Editor's note: From time-to-time, we publish blogs on topics related to analog design, though perhaps not perfectly matched. This is one of those blogs. The problems described are not exactly related to analog design, but the overall problem -olving method or sequence of events is valid and therefore useful.
An embedded systems developer starts a project with a blank computer screen and emerges from the office a week later with a product that's perfectly functional and ready for prototyping. The developer's code compiles without even a warning, and the schematics produce not a single design rule violation.
Then the embedded developer wakes from a blissful dream, goes to the office, and faces reality. The IDE stubbornly repeats the same cryptic compiler errors, no matter what code changes the developer makes. The developer's board designs, already long overdue, still have a discouraging work-in-progress look, with disconnected power nets and routing that would confuse Rube Goldberg.
The axiom "nobody knows everything" has never been truer than it is in embedded systems development. Developers scramble to gain expertise with a collection of new-to-them ICs and conflicting use cases as product deadlines whiz by and marketing-driven feature-creep piles on more and more features to a project's already ambitious specifications.
Fortunately, help is on the way. IC vendors -- in particular, microcontroller (MCU) vendors -- provide a wealth of online self-help resources geared toward embedded developers. Additionally, these vendors staff teams of capable engineers that can answer your questions and help you overcome the challenges you face during the system design process. You just have to know where to look for help and how to ask for help effectively.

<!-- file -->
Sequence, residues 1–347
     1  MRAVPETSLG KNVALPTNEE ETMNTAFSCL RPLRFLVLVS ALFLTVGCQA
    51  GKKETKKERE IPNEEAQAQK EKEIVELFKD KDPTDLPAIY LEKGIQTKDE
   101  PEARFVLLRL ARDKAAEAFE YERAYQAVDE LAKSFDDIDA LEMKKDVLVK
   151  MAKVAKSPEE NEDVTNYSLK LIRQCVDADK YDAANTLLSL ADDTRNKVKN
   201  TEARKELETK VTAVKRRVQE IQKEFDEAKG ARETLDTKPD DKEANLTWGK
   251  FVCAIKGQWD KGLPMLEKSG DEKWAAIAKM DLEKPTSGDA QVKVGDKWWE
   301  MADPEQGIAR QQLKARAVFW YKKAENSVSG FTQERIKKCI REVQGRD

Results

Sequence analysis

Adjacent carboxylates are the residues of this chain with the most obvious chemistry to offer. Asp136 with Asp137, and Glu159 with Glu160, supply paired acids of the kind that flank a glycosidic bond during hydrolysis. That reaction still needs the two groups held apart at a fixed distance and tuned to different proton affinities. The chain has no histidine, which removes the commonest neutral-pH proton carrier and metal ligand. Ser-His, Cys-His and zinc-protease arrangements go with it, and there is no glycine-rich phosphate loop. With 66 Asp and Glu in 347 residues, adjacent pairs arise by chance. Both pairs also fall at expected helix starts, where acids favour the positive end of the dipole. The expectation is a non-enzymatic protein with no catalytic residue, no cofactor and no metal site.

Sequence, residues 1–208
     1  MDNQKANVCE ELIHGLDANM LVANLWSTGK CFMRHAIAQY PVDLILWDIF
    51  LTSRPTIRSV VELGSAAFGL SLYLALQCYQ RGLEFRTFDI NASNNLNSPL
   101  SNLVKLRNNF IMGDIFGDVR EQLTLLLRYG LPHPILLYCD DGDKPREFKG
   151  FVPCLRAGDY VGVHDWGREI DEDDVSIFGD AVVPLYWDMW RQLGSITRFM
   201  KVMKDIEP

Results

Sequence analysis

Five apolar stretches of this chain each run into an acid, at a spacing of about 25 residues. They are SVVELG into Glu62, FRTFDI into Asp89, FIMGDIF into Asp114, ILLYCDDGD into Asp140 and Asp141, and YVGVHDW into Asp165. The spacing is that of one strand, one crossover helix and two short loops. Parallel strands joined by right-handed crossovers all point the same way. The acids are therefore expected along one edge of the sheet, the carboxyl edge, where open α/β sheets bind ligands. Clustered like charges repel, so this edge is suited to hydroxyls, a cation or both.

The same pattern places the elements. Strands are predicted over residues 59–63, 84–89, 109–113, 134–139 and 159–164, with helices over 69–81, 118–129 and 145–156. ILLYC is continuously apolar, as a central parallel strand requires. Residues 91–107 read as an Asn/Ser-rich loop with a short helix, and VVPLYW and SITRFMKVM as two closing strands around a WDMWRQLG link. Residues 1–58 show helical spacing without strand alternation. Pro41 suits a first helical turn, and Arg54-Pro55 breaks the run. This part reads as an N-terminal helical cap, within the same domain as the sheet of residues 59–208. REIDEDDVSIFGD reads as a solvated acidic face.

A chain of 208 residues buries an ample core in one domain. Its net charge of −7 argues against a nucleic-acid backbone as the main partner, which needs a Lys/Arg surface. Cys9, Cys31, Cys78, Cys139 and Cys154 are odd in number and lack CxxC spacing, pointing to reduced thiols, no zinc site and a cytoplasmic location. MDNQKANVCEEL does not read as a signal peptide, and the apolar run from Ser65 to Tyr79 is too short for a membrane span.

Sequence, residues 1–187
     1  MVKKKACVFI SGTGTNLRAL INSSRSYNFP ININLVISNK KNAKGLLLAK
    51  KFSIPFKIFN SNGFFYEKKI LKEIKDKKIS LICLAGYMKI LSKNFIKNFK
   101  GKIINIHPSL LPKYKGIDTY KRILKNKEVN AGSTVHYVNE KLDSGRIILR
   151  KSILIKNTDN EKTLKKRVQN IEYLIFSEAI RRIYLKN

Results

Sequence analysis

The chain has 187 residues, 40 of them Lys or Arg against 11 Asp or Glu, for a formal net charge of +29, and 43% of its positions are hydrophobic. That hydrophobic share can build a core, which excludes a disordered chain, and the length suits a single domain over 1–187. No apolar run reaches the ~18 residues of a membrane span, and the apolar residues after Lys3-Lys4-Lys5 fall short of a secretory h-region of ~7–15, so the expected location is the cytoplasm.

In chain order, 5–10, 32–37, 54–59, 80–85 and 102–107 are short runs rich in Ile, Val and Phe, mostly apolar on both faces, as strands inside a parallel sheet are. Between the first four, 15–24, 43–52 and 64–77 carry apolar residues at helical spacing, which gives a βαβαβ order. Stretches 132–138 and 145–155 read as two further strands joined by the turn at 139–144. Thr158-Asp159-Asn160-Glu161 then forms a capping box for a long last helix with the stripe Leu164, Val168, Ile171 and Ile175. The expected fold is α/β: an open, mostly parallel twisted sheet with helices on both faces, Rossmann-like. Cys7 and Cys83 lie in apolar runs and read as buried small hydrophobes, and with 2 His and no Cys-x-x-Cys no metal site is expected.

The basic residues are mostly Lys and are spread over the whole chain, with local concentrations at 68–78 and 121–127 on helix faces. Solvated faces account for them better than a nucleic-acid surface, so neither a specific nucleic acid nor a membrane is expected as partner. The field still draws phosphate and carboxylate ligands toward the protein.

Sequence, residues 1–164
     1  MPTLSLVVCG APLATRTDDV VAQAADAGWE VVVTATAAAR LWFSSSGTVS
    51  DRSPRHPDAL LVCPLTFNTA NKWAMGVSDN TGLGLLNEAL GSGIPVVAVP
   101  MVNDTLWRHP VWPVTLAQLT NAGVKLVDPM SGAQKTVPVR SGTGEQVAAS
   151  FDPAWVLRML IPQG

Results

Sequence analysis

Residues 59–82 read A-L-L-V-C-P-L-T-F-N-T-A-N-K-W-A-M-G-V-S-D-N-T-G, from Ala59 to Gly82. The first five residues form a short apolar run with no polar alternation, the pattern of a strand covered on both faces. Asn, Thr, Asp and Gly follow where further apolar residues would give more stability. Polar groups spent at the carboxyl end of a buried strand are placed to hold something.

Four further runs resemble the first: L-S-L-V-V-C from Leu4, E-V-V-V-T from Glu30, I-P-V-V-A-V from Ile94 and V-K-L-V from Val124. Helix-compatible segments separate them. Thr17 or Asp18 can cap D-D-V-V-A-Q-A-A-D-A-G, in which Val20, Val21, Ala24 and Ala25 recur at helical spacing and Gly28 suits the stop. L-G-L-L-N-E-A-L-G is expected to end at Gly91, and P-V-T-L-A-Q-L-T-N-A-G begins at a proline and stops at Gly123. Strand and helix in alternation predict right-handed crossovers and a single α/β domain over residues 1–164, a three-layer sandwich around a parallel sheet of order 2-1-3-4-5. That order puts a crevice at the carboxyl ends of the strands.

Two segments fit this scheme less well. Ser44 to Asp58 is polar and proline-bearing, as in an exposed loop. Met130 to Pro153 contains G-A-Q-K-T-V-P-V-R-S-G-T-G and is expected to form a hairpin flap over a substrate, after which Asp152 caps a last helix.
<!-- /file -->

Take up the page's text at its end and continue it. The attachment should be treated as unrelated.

The first step is admitting you have a problem
The most frustrating part of problem solving can be developing an understanding of what you do not know. One of the most useful skills an engineer can acquire is to develop an intuition for where the root cause of a problem might be located.
Even if the developer doesn't know the solution, he or she must be able to draw a box around the problem to some extent. Simply saying it doesn't work and throwing up one's hands will only lead to more stress. We all benefit from the fact that we operate in a deterministic world. The problem being observed is caused by one or more factors in the system being developed. Take a deep breath, procrastinate on the Internet for a bit, and then dig into the solution.
In addition to the requisite product datasheets, IC vendors provide resources such as user forums, knowledge bases, application notes, and reference designs. They create these resources out of a primal survival instinct. Every customer who finds an answer autonomously is a customer for whom staffed engineers will not have to expend any energy and time helping directly. This frees up company resources to generate more self-help resources, and it enables staff engineers to make progress on all their other responsibilities, such as validating new designs and generating collateral for soon-to-be released products.
Developers might be surprised at the breadth and depth of the resources available to them, as well as the frequency with which their exact issue has been explored. The accuracy of these resources is no accident. Most of these articles and documents get written after a developer like you contacts technical support.
Engineers on staff monitor incoming questions and convert helpful answers to documents and knowledge base articles, so that the next developer facing the same issue will have easy access to that information. This positive feedback loop ensures a constantly improving and refining digital curation of answers just waiting to save the day.